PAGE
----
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ann. by his former business, and that his profits of the share in the mill were last year 1501. This Being has great merit, in never having sutfered the day-dreams of his imagination to lure him from the path of manual industry. Genius is to indigence a dangerous present. I shall rejoice his honest, modest heart, by shewing him the high praise with which your last letter honours that poem of his that I inclosed.

Dr Johnson's absurd assertion must have often occurred to you, amidst the beautiful compositions which uneducated Poverty has produced in this age, viz. the impossibility which he alleges of people in low life writing any thing worth attention. He observes, that “ the mind can only acquire ingenious ideas in the mart of intelligent conversation.” His observations on this subject close with one of those dazzling metaphoric decisions, in which verbal strength and point are so continually mistaken for truth in that author, by those who are either not capable, or will not take the trouble of thinking for themselves. says he, “ can coin guineas but in proportion as he obtains gold.” Newton, Yearsly, Burns, and, above all, the miraculous Chatterton, sufficiently refute the dogma. That its appearance in his writings was subsequent many years to the publi

« No man,”

city of Chatterton, causes the reflecting mind to recoil astonished from its effrontery.

We have in this neighbourhood an extraordinary character, Mr Vernon, Lady Berwick's brother; whom, in early life, the form of an Adonis, an ardour for licentious pleasures, and for increasing the means of obtaining them, made a fine man about town, a knowing man on the turf, and a deep staker at White's, till he was about thirty. Then, turning suddenly from these soul-less pursuits, he threw his energies into far different channels, and roamed, in a ten year's tour, with enthusiastic curiosity, not only “ the Celtic and Iberian fields,” but almost every scene upon the globe which has been dignified by martial prowess, or has obtained poetic celebrity. He has seen, in tolerable preservation, a great part of the Temple of Ceres at Thebes; has stood upon Mount Calvary, Olympus, and the Aonian Hills; and has drank of the now nearly exhausted waters of the Simois and Scamander; has fought, since England sheathed the sword, the Indians for America, and the Turks for the Empress. He was some time at Gibraltar with General Elliot, and obtained the friendship of that illustrious Being. Mr Vernon, calling upon me lately, shewed me a passage in one of the General's letters, to the following purport:

“ I am informed that Monsieur, (I have forgot the name) who fought so gallantly against me at Gibraltar, has been overlooked by his thankless nation; is out of health, and poor. Have the goodness to draw upon my banker at Paris for fifty guineas, and present them to him as from an unknown hand. I am not myself rich, as you know, or my donation had been less scanty."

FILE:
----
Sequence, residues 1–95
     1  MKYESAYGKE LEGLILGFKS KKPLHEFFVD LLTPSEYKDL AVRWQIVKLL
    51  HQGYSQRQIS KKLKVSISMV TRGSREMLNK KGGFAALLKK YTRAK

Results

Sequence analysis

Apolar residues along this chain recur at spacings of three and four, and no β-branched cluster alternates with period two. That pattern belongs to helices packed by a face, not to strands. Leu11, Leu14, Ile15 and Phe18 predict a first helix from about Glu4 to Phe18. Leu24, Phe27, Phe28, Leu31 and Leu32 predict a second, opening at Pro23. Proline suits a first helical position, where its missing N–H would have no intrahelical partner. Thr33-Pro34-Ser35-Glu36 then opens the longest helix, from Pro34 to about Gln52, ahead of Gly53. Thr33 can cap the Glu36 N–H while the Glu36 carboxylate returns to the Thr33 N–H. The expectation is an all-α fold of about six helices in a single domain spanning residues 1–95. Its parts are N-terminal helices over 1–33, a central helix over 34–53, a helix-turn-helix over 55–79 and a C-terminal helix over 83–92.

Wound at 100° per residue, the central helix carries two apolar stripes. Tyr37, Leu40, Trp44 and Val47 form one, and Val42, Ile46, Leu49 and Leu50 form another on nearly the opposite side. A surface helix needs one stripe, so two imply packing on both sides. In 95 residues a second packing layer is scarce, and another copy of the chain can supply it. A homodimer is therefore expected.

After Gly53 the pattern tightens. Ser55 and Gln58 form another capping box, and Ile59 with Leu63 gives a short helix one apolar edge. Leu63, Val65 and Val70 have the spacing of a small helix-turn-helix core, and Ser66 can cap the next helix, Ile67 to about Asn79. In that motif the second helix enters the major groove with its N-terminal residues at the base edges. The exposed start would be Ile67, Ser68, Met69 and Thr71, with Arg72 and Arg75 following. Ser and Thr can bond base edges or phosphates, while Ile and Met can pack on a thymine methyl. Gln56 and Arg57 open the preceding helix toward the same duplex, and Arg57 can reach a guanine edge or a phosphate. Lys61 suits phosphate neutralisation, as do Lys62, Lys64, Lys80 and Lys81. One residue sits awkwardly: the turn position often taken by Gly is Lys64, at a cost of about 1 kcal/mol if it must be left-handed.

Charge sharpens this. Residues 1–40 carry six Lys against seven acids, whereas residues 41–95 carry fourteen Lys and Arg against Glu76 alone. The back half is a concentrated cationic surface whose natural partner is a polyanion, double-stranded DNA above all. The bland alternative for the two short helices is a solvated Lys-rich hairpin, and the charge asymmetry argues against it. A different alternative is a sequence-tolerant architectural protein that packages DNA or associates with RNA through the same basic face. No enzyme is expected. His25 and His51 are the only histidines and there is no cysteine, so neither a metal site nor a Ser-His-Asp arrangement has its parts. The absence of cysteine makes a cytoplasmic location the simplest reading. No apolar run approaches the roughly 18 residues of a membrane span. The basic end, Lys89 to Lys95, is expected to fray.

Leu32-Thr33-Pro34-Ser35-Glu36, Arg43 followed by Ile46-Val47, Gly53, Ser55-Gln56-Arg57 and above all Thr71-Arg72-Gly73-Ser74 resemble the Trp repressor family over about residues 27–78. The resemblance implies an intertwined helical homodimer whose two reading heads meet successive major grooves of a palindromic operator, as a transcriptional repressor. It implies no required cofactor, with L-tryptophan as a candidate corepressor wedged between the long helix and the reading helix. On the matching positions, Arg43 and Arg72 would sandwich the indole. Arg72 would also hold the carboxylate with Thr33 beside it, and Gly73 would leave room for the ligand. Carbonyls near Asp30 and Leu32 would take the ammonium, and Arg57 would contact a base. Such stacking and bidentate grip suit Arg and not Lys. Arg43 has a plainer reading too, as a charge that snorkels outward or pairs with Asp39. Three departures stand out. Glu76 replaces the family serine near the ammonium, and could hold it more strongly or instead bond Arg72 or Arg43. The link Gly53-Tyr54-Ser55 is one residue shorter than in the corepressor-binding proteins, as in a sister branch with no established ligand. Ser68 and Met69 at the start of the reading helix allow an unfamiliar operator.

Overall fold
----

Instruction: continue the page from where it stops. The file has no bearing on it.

What lustre does such a proof of generous goodness throw on the martial fame of this justly celebrated soldier!

My dearest father yet lives—and, I trust, not in any actual pain of body, or inquietude of spirits, since no symptoms appear of either; but the lights of reason, imagination, and memory, are extremely faded.

“ Darkness gathers on the last of his days."

Farewell!

VOL. I.

LETTER LXX.

CAPTAIN SEWARD.

Lichfield, Sept. 2, 1787. Yes, my dear Sir, I have been honoured with a visit from your truly great General,

« With all his full-blown honours thick upon him.”

The blended dignity, and kindness of his manners, perfectly answered the idea I had formed of the noble Elliot from your and Mr Vernon's description, super-added to that of public report.

You excited the flattering hope of his staying a few days with me. Could that have been fulfilled, -nay, had he passed only one night in Lichfield, the compliment of a general illumination through our little city had been paid. The words Elliot, Gibraltar, Victory, enwreathed with flowers, were to have shone in phosphorus upon the walls of our town-hall, and over the arms of the city. It was the contrivance of an ingenious young surgeon, of the name of Green, who prepared it when you taught me to expect one of the most Nattering distinctions of my life ; but arriving on

a Sunday morning, and departing in the afternoon, he frustrated the wish of our inhabitants to have welcomed, with public eclat, the restorer of the nation's glory.

Captain Cayleur and Mr Vernon accompanied his lordship. The former is a graceful young gentleman, strongly resembling the brave unfortunate André.

It gives me pleasure that my neighbour, Mr Vernon, stands so high in Lord Heathfield's esteem. He has considerable talents and exertion; and the warm, and entirely voluntary praise of so great and good a man, proves that they have been, at least of late years, directed to noble pur: poses. Nor did Lord H. wait for

my

intended mention of you. We had not been ten minutes together before he entered upon a theme so agreeable, declaring his high opinion of your professional merit, of your domestic virtues ; adding, “ his wife will be a happy woman, and she deserves him."

My father had not sufficiently recovered from a recent epileptic fit for me to venture introducing him to my noble guest. Greatly was I disappointed that he could not have the happiness of paying his respects to one, whose name he al

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